Ortiz et al. studied the effects of a resistance training program on balance and fatigue perception in patients with parkinson’s disease. This study was a randomized control trial performed on 46 patients with parkinson’s disease. Balance was assessed using Mini-BESTest and Piper Fatigue Scale. Intervention group was given PRE exercises for lower limb for a period of 8 weeks. Results showed improvement in dynamic balance in intervention group [8]. Another research which was done by Corcos, et al. studied the effects of progressive resistance exercise for parkinson’s disease which was a randomized control trial conducted on patients with parkinson’s where 51 subjects participated in the study and were given progressive resisted exercises along with balance training [5]. The results showed that the control group with PRE training demonstrated significant reduction in UPDRS Score. Santos et al. studied the effects of progressive resisted exercises in akinetic rigid parkinson’s disease on twenty eight patients with AR-subtype parkinson’s disease received a strength training and were assessed with UPDRS, Ten Meter Walk Test and Freezing of Gait Questionnaire and the results demonstrated improvement in static posturography, gait and quality of life [9].

The research conducted by Hendy et al. studied effects of concurrent transcranial direct current stimulation and progressive resistance training in parkinson’s disease on forty two patients with moderate parkinson’s disease participated in a randomized control trial study and received transcranial direct muscle stimulation with progressive resisted exercises along with balance training for a duration of 6 weeks. Timed up and go test, berg balance score and posturography were used as outcome measures results showed improvement in balance with both pre and t-dcs [10]. Also, Nogaki et al. parkinson’s related disorders, studied a follow-up on muscle weakness in parkinson’s. Isokinetic muscle strength of patients with parkinson’s was measured over time and this showed significant decrease in torque production because of muscle weakness. This muscle weakness may be influenced by bradykinesia [7].

Subjects and Methods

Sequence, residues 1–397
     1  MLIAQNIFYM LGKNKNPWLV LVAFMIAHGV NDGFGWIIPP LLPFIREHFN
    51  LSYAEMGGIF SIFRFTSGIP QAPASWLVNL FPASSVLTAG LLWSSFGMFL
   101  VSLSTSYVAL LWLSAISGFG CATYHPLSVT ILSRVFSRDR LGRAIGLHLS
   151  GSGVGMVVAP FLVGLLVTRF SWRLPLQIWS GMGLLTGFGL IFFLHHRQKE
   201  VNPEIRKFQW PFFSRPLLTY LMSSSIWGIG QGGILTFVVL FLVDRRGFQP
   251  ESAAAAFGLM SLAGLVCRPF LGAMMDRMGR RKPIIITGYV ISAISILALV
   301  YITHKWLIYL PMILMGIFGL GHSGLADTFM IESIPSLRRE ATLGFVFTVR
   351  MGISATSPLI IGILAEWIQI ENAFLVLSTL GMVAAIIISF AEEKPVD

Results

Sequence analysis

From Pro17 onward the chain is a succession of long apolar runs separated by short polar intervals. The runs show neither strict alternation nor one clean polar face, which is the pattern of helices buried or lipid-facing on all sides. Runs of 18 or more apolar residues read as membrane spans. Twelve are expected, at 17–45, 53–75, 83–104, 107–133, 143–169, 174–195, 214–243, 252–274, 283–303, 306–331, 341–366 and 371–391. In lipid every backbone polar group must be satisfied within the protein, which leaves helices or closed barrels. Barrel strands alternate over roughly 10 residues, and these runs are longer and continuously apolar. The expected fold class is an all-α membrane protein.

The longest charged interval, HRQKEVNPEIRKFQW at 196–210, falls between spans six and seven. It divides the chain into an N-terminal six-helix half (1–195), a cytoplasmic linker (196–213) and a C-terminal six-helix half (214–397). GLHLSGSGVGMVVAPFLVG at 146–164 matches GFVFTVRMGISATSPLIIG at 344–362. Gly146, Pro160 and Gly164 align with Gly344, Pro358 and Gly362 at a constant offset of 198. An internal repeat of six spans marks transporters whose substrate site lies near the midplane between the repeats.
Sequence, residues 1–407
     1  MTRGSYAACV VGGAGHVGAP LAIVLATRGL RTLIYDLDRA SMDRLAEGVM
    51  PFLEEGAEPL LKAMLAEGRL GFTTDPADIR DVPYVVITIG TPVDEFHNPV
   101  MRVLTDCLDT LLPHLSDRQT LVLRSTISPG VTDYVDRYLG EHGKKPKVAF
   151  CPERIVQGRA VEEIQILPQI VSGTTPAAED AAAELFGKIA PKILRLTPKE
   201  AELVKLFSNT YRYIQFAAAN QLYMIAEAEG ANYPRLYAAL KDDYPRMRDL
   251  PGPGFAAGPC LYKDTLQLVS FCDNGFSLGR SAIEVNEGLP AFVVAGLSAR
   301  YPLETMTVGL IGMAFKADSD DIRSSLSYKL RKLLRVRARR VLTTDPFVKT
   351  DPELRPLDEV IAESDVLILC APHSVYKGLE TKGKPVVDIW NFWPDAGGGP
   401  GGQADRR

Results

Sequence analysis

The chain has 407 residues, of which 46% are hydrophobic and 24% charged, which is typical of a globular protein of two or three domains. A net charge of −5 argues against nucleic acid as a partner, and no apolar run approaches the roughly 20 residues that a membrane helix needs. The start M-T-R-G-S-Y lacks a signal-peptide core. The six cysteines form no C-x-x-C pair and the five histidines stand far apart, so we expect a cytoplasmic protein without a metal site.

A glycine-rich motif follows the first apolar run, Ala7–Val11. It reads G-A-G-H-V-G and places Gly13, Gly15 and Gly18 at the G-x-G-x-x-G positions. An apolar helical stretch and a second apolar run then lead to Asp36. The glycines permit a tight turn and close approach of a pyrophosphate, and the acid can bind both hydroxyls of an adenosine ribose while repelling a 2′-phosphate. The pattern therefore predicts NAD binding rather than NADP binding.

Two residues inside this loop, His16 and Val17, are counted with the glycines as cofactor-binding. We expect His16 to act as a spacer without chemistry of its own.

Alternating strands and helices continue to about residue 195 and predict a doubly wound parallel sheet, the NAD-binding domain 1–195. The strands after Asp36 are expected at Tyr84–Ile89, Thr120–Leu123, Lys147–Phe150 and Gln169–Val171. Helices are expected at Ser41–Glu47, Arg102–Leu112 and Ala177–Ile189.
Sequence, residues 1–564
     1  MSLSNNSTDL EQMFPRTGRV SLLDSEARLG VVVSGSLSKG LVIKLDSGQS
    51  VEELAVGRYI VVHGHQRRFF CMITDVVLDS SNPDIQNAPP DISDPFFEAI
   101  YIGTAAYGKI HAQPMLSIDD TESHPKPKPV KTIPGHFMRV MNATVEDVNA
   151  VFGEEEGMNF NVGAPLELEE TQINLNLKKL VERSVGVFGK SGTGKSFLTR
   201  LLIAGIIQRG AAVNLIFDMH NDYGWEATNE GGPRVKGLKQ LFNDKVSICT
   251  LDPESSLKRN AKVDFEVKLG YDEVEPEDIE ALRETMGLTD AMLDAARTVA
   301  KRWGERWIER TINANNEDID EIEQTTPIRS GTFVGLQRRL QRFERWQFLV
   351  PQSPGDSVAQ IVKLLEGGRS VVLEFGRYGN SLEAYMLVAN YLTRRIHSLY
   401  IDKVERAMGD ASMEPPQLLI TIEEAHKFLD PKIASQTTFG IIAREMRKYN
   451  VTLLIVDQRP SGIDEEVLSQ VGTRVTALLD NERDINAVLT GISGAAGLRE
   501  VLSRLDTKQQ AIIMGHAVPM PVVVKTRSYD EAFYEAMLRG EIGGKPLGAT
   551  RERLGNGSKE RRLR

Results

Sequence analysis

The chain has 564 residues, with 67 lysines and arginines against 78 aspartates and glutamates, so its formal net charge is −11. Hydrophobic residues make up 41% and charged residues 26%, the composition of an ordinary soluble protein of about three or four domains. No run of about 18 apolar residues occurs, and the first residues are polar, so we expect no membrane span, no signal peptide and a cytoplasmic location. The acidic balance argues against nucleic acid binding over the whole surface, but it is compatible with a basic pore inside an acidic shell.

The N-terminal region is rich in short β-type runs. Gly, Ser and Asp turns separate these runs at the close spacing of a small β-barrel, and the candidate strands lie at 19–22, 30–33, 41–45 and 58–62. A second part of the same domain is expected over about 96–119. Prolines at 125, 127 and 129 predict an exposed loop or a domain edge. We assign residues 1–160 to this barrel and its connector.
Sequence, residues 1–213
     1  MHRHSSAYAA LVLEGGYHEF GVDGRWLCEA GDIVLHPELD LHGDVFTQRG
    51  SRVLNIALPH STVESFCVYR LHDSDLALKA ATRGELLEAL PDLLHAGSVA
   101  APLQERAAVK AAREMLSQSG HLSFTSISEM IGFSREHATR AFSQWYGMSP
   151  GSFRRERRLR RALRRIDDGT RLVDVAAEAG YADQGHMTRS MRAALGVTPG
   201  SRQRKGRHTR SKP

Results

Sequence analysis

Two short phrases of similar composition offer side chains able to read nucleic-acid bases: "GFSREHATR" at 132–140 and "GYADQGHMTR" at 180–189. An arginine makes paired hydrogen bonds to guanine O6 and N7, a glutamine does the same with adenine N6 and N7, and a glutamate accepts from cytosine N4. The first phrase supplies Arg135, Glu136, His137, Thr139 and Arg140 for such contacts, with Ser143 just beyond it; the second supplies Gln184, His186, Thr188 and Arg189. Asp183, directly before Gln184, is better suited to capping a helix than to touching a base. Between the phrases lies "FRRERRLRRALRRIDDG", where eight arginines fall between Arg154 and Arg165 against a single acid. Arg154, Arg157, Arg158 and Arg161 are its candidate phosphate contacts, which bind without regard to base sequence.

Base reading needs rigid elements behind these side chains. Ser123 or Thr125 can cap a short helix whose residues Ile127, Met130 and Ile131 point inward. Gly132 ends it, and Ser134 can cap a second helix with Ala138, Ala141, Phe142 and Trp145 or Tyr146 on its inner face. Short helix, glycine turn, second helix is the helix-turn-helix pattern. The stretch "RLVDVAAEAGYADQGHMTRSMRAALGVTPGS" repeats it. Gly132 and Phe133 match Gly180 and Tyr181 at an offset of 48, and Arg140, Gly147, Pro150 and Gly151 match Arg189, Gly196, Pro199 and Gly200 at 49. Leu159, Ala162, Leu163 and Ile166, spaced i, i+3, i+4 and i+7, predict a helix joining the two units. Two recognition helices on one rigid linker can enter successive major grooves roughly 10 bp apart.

10 patients between the age group of 40-70 years, with parkinson’s disease, participated in the study. Subjects for the study were selected based on the following inclusion criteria, having parkinson’s disease with Hoehn and Yahr Stage 2.5-3 with Berg Balance Score 34-44 (medium risk of fall). Exclusion criteria consists of severe visual impairment, loss of proprioception and kinesthesia, patient unable to follow commands (Mini Mental Scale Examination <23), History of lower limb fractures and surgeries. Institutional Ethical Committee consent was taken. Subjects were selected based on inclusion and exclusion criteria by purposive random sampling using chit method. An informed consent was taken from each subject.10 patients within the inclusion criteria whose informed consent was taken participated in the study and were randomly distributed in 2 groups. Group A (Experimental group) - Progressive Resisted Exercises + Conventional therapy (5 patients) Group B (Control group) - Conventional therapy (5 patient). Duration- 6 weeks for both groups and Frequency 3 times/week both the groups were treated, and effect was assessed for Balance using MINI-BESTest and Functional Reach Test [11,12]. Both groups were given Jacobson’s relaxation and General Warm Up exercises for lower limb pre intervention. The subjects in the experimental group received conventional balance exercises along with lower limb progressive resisted exercises using DeLorme Technique [13] for the following muscle synergies which are known to work during dynamic and static balance; rectus femoris and iliopsoas, gluteus maximus, gluteus medius and minimus, quadriceps, hamstrings, tibialis anterior, gastrocnemius and soleus [14,15] and the control group received conventional balance exercises both to improve static and dynamic balance [16].